Timeline of the Great Depression

From 1920 to 1945. I’ll post the highlights from 1930:


* By February, the Federal Reserve has cut the prime interest rate from 6 to 4 percent. Expands the money supply with a major purchase of U.S. securities. However, for the next year and a half, the Fed will add very little money to the shrinking economy. (At no time will it actually pull money out of the system.) Treasury Secretary Andrew Mellon announces that the Fed will stand by as the market works itself out: “Liquidate labor, liquidate stocks, liquidate real estate… values will be adjusted, and enterprising people will pick up the wreck from less-competent people.” (More)

* The Smoot-Hawley Tariff passes on June 17. With imports forming only 6 percent of the GNP, the 40 percent tariffs work out to an effective tax of only 2.4 percent per citizen. Even this is compensated for by the fact that American businesses are no longer investing in Europe, but keeping their money stateside. The consensus of modern economists is that the tariff made only a minor contribution to the Great Depression in the U.S., but a major one in Europe. (More)

* The first bank panic occurs later this year; a public run on banks results in a wave of bankruptcies. Bank failures and deposit losses are responsible for the contracting money supply.

* Supreme Court rules that the monopoly U.S. Steel does not violate anti-trust laws as long as competition exists, no matter how negligible.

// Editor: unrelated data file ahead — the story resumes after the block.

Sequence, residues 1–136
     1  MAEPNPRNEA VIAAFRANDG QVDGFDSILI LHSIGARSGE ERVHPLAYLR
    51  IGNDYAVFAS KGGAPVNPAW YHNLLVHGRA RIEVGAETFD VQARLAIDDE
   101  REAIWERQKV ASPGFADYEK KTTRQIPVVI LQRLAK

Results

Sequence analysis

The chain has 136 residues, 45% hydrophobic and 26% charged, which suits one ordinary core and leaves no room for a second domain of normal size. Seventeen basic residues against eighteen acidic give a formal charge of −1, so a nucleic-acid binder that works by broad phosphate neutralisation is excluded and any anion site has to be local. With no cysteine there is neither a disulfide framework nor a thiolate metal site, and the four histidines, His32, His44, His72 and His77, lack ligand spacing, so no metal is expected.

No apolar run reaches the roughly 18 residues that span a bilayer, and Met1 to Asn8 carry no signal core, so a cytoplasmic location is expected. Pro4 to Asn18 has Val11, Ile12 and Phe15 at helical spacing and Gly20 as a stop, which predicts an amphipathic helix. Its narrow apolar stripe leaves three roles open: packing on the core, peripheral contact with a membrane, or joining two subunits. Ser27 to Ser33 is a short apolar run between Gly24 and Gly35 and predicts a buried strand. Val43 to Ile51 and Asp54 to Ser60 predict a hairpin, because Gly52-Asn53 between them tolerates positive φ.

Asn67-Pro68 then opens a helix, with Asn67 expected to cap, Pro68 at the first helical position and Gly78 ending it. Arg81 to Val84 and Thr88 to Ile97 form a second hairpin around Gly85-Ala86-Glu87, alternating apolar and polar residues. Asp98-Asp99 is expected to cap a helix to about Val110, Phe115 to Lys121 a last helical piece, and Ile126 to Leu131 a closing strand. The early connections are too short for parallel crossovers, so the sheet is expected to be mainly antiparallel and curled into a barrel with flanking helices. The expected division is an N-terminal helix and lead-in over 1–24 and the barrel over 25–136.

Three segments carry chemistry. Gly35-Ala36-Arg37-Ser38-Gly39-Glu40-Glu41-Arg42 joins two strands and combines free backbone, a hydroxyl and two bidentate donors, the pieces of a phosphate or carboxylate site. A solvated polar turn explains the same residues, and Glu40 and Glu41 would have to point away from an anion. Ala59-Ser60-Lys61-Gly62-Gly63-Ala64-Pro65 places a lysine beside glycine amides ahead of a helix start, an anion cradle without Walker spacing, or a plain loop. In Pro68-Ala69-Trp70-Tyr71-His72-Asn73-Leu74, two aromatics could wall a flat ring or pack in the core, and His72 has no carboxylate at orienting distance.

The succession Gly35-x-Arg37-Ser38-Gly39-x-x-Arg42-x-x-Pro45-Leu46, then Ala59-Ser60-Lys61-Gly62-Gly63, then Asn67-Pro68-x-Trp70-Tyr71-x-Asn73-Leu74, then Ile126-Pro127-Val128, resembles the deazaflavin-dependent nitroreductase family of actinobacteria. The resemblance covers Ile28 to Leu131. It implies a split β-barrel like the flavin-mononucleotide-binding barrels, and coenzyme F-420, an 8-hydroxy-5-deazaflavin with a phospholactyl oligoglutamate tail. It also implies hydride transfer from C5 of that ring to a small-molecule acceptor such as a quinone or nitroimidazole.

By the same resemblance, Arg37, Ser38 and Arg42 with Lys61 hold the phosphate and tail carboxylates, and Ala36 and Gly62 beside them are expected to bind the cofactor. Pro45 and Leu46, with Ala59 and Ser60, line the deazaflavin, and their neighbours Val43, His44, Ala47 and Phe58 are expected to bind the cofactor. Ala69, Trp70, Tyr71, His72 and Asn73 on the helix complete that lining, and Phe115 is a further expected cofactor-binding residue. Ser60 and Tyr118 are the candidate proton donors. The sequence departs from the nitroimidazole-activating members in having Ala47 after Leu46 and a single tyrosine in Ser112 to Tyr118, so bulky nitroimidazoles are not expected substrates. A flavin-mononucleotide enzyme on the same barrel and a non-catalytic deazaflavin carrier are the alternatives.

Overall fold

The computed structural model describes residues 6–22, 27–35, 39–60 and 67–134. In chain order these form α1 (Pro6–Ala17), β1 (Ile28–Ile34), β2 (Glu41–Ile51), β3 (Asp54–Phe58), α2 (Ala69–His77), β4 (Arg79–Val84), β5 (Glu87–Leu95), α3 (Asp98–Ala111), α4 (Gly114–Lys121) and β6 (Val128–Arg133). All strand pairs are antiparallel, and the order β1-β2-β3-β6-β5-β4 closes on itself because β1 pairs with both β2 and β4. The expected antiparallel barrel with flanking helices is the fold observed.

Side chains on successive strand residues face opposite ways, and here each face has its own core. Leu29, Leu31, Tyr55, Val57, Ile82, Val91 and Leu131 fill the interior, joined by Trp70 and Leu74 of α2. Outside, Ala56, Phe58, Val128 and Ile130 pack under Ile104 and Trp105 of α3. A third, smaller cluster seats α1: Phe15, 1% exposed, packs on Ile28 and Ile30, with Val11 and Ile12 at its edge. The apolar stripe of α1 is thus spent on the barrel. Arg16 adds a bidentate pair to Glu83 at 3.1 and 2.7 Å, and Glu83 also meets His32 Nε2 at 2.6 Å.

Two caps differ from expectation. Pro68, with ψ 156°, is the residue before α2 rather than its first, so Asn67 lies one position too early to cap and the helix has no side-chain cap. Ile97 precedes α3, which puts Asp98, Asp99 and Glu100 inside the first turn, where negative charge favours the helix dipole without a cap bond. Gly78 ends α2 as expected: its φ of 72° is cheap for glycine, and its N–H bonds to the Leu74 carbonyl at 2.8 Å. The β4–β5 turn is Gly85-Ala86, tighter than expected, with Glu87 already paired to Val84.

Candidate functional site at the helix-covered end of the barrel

* Democrats gain in Congressional elections, but still do not have a majority.

* The GNP falls 9.4 percent from the year before. The unemployment rate climbs from 3.2 to 8.7 percent.


  1. Reading about the Federal Reserve and how it works never interested me till Ron Paul brought it up in his talks.I always thought my tax dollars ran the USA government till he said the FED.reserve got it because the government had to pay the loans back+interest to the bankers that own and run the bank,which is not a part of our government.Why not just keep the money in the USA government hands and not pay interest?

  2. Deficit spending. If they spend, meaning they pay cash money to someone, when they don’t have it on hand, they have to borrow it from somewhere, right? That’s where the bankers come in.

    So not paying interest would mean either they’re stealing from the bankers, or they’re paying off the national debt. In the world we live in, that’s not really an option.

    Actually, in the world we live in, deficit spending by governments has preceded most every economic recovery in history. Usually that kind of deficit spending is in preparation or operation of war. Curious, eh?

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